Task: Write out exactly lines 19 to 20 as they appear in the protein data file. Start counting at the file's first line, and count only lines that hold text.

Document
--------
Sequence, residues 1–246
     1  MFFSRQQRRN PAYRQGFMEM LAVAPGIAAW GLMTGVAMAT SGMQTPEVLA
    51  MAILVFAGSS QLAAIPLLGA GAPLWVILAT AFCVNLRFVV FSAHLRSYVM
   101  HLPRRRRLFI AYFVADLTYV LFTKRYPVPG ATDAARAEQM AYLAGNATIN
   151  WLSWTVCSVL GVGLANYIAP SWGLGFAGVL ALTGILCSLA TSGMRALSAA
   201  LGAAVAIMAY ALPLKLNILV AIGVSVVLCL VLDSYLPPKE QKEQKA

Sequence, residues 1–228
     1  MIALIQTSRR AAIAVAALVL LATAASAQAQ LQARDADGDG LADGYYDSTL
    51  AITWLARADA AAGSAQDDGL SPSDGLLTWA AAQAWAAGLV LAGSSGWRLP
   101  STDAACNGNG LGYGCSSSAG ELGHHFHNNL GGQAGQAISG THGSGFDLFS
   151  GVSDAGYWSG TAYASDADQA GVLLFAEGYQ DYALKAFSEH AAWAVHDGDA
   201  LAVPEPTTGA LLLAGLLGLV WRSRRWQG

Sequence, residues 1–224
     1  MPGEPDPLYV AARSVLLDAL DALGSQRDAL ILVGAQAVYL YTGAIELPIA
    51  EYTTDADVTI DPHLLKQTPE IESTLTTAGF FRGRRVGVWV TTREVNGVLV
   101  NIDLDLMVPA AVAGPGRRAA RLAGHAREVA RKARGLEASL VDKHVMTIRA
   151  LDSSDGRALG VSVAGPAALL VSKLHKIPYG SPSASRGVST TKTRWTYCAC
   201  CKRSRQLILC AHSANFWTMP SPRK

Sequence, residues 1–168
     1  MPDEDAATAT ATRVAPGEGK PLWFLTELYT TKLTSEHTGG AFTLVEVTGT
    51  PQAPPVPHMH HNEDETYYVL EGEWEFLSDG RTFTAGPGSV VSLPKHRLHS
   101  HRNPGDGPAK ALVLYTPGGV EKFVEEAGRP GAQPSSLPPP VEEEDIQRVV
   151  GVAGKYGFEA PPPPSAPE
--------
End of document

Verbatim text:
Sequence, residues 1–168
     1  MPDEDAATAT ATRVAPGEGK PLWFLTELYT TKLTSEHTGG AFTLVEVTGT